This is part of our bi-weekly series profiling some of our community members at Product Makers. If you’re interested in reading others, check out our previous Featured Makers.
This week we’re featuring
Starting in Product
How'd you get started making products that matter?
After college, I took a job in tech support for a bankruptcy filing program at LexisNexis, where I supported bankruptcy filing attorneys. Over time, I became the subject matter expert for the engineering team, where they would ask me to represent the voice of the customer, help rank the customer problems, and duplicate bugs in the system. Then, when a content role became available, I applied for it and became the forms creator for the software working with a product manager. I learned a lot from her, and when she left, I was promoted to the PM role.
What's one piece of advice you wish you'd had when you started working in product?
I wish someone had pulled me aside and conveyed the importance of cultivating relationships and having allies. It is of the utmost importance that we cultivate allies in our workplace. We cannot go at it alone. We need individuals who are invested in our effectiveness, as they help us bring to fruition our work mission, and when the going gets tough, we need allies who will hold our hand and help us get through the most difficult days and challenges we might face.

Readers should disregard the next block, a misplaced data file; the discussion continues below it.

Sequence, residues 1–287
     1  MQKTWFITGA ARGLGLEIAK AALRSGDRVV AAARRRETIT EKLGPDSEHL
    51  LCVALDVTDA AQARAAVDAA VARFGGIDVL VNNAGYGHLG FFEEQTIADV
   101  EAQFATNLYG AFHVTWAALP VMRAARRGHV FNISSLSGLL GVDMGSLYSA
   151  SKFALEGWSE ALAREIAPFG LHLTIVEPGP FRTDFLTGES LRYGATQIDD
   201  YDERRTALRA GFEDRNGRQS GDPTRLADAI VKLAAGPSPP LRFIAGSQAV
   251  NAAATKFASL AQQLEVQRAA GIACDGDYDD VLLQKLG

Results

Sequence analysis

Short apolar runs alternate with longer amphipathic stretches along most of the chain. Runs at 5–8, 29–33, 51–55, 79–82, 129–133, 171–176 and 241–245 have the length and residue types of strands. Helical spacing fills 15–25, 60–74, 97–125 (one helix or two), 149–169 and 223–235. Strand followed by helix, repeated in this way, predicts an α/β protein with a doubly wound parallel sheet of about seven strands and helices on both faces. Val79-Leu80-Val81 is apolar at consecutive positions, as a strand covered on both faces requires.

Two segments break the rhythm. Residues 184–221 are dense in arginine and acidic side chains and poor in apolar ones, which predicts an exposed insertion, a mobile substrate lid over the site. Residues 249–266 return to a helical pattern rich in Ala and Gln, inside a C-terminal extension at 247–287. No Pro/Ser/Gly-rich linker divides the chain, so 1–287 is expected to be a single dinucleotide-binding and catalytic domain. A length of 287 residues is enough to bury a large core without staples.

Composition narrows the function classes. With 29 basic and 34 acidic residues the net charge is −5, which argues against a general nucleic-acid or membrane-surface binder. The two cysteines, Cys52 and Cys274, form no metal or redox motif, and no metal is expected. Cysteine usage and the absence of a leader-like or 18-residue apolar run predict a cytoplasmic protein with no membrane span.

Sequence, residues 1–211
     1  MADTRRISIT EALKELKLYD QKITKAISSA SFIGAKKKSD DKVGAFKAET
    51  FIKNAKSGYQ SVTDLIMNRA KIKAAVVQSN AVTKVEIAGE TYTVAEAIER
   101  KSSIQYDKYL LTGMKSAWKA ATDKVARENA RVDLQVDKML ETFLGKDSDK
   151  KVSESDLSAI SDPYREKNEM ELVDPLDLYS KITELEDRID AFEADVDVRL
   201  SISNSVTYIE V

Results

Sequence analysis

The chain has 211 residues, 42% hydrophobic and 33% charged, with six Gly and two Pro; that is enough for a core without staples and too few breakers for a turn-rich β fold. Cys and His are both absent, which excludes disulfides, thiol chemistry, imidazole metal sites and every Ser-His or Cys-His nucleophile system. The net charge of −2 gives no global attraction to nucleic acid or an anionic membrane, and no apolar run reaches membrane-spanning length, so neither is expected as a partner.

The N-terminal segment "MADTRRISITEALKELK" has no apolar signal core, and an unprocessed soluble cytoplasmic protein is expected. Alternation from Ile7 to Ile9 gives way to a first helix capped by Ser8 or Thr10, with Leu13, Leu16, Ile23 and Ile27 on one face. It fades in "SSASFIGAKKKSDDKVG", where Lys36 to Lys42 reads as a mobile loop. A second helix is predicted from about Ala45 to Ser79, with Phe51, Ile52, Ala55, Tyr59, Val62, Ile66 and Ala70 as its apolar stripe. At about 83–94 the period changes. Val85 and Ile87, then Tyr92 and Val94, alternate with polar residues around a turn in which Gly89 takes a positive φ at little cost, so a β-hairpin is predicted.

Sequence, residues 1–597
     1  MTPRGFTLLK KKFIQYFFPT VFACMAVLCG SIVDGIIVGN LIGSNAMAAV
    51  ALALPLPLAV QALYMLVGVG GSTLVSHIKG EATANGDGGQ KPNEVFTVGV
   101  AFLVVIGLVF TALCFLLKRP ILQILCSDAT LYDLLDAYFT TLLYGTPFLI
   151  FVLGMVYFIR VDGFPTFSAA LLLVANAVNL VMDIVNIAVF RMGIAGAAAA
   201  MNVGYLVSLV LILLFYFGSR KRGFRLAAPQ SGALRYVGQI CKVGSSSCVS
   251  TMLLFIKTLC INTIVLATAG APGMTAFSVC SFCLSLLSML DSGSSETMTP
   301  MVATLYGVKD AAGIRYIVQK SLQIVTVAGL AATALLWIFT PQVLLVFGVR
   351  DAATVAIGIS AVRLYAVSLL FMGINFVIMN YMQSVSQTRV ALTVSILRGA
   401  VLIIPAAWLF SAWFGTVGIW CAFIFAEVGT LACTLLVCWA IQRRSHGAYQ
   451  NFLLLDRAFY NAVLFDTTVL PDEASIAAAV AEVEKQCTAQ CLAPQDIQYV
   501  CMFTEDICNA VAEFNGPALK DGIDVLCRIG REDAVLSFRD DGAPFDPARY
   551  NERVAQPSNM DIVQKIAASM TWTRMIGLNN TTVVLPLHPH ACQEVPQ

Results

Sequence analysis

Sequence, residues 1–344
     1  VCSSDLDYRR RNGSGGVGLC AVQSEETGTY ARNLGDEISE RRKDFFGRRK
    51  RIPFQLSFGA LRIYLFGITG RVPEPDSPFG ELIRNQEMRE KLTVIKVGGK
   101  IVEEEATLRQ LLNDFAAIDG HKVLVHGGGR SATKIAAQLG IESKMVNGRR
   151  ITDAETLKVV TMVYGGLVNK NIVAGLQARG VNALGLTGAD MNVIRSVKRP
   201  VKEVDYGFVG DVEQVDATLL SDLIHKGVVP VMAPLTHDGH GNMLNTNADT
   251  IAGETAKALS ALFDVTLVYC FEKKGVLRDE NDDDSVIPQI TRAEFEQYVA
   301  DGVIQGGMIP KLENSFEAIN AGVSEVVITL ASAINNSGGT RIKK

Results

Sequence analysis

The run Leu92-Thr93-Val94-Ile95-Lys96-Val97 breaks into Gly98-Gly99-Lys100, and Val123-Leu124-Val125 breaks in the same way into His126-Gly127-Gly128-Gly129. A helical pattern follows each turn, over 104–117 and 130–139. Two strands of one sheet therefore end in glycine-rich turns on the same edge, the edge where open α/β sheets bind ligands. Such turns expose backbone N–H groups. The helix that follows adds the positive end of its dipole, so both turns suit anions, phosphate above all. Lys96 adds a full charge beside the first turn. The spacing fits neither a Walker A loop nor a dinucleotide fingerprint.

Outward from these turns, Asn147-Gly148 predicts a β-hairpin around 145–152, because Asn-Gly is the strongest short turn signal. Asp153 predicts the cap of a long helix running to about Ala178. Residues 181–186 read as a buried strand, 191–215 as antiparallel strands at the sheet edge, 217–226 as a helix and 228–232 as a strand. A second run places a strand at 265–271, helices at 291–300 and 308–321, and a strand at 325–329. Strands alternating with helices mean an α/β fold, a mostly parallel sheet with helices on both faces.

What do you like the most about your work?
I love that I get to build people and products, but the people I work with come first. I invest in them by nurturing their development and growth while working hard to safeguard that their diversity and neurodiversity are embraced within my cross-functional teams to enhance overall innovation. The entire team owns the experience, and we are accountable for successes and failures.
I am a product leader who cultivates, encourages, strengthens, and nurtures innovation in my multi-disciplinary teams. To bring to market a product experience with true customer value, we must have individuals from diverse backgrounds, genders, circumstances, lived experiences, and perspectives with thoughtful fortitude and an environment that fosters creativity, innovation, and imaginativeness. This is how they can meet our customers where they are. Our customers represent an ever-changing demographic with evolving needs, and to understand their needs, even the ones they have not communicated or know they need, we must have folks on our teams who represent them.
What do you like the least about your work?
I am not a fan of going to customer meetings without my 3iab (product manager, design lead, and tech lead) because if they were present, there's no need for me to communicate customer difficulties as they were in the meeting.
Being in the room with a customer enables our designer to understand customer value, needs, and problems. Recognizing the intangibles, the human factors, and to what degree users interact with a device culturally. Being in the room with customers also offers the opportunity to how they can address usability.